Have Dating Apps Killed Romance? Tune in to the Debate February 6th.

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Valentine’s Day is approaching, which means more news stories about the prospects of finding love online. Dating apps have changed the romantic landscape in recent years and offered more opportunities to meet new people, but have they really helped daters meet their ultimate goals?

On February 6th Intelligence Squared U.S., a non-profit organization which encourages thoughtful discussion and debate, will be hosting a live debate from New York City: "Swipe Left: Dating Apps Have Killed Romance."

In a nod to the complicated state of dating today, the keynote will be delivered by Daniel Jones, longtime editor of the hugely popular New York Times’ essay column ‘Modern Love.’

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Popular dating app Tinder is testing a new feature called Feed, aimed at providing users more insight to their matches, and to help spark conversations.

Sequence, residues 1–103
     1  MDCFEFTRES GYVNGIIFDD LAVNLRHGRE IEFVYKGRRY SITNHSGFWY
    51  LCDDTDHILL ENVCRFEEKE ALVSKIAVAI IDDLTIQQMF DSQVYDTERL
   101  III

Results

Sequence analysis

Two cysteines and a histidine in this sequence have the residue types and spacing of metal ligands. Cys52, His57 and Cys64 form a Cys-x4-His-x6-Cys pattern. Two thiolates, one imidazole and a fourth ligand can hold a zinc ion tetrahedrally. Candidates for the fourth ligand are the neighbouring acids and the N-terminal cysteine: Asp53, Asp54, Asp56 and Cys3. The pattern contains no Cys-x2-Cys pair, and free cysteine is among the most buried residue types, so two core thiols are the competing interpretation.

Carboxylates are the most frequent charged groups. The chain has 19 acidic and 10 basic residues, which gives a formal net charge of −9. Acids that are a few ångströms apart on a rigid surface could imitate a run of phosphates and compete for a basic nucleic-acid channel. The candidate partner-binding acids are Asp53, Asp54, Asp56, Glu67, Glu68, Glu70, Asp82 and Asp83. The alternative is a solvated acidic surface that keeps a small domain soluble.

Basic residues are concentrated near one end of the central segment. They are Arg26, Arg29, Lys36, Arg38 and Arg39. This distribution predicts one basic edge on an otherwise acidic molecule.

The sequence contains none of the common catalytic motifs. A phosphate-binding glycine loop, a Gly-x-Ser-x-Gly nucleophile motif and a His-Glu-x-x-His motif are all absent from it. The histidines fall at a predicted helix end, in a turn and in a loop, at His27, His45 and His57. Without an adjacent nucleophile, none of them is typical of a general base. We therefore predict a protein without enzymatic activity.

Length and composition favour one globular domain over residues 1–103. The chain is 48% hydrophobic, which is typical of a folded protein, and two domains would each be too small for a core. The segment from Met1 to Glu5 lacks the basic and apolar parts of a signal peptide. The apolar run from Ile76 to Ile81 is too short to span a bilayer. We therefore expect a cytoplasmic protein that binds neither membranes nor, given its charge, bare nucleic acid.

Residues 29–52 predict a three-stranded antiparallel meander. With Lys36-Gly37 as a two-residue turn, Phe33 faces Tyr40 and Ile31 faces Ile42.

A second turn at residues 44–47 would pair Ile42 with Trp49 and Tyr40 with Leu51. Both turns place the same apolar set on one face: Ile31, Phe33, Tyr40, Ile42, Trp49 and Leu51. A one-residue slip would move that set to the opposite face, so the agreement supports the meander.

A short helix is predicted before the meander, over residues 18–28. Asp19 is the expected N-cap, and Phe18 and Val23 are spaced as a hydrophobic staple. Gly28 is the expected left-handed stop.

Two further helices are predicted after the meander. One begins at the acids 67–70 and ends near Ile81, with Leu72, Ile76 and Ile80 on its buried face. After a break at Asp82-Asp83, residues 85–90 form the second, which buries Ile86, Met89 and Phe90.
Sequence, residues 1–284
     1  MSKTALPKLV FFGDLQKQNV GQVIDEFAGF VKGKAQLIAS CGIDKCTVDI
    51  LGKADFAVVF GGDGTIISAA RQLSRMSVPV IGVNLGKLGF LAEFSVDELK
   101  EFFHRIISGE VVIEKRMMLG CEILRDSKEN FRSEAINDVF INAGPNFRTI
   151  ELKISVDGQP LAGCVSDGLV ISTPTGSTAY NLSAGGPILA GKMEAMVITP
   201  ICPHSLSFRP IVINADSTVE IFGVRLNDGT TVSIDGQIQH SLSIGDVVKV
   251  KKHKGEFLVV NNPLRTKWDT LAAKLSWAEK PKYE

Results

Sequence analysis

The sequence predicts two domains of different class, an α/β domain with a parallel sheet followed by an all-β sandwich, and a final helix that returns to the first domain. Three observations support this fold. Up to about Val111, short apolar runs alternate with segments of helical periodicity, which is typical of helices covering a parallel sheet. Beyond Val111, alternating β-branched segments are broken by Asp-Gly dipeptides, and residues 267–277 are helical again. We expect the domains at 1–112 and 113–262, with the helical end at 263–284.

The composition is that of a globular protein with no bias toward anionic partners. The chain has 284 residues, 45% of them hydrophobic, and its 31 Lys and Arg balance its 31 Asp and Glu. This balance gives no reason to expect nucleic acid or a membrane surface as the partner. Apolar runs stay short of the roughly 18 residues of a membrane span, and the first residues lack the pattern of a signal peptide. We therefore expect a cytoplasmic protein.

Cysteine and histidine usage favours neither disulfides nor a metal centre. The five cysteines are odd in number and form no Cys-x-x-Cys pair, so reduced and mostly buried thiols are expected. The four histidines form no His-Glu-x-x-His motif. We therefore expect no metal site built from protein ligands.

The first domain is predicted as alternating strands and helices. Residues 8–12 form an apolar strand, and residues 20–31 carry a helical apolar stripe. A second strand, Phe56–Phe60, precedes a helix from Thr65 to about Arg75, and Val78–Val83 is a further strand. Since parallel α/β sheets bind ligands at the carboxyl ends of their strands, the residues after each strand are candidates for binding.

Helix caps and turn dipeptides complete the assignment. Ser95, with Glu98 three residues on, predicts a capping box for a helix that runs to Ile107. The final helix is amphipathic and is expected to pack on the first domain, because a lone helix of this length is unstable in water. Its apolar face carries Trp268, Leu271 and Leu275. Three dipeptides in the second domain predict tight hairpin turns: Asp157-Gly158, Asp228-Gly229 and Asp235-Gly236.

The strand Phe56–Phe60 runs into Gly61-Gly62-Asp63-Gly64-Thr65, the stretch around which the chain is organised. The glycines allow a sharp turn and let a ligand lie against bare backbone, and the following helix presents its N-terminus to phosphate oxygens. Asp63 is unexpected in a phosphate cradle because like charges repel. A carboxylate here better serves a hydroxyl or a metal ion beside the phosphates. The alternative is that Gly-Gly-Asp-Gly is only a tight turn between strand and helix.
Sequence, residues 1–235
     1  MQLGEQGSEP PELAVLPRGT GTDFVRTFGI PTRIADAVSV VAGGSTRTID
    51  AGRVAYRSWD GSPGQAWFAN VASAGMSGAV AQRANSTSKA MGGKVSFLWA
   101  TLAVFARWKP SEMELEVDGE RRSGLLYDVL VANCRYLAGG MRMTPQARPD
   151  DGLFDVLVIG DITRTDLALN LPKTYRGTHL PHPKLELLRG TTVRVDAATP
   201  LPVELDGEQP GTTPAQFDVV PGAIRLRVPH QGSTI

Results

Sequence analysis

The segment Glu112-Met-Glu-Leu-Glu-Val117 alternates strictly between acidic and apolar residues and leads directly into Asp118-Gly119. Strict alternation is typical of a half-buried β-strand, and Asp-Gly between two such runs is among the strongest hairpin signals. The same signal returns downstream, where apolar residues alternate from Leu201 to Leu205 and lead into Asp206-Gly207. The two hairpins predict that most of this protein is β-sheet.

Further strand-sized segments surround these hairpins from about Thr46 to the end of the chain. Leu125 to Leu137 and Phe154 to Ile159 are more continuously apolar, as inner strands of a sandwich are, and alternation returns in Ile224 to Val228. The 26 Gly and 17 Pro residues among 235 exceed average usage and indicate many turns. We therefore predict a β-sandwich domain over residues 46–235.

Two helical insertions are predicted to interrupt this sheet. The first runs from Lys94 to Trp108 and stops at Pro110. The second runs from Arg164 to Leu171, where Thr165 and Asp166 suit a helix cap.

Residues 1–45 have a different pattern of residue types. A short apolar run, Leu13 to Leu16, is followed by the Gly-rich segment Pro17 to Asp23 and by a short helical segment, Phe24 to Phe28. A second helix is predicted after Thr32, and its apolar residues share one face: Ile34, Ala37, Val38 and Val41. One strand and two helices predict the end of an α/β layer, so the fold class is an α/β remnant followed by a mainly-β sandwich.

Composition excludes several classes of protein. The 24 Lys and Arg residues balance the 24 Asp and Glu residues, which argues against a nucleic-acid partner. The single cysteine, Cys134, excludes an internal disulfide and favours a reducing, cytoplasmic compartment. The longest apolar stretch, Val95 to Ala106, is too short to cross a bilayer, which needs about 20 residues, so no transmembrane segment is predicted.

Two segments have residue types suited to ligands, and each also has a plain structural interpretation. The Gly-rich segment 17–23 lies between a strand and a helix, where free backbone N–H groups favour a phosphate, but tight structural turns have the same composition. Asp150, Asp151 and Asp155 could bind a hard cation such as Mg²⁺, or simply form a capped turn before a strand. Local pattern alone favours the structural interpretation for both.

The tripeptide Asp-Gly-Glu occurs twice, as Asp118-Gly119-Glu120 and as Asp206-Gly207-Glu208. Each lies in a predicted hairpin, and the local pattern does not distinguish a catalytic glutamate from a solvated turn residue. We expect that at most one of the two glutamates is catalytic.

Feed consists of a real-time feed of social media posts from a user’s matches, specifically posts from Instagram and Spotify. The idea is that users can look at what their matches are virtually sharing moment by moment to get a better idea of what they are like – what they are listening to at any given time, where they are, and what they like doing.

The new feature will appear as a tab in the messages screen, according to website Tech Crunch. Users can respond directly to posts in their Feed without having to go back to the profile screen, making it easy to interact. Instead of having to be too descriptive in the profile, or thinking of something unique to say as an introduction, users can let their Instagram photos and playlists speak for themselves.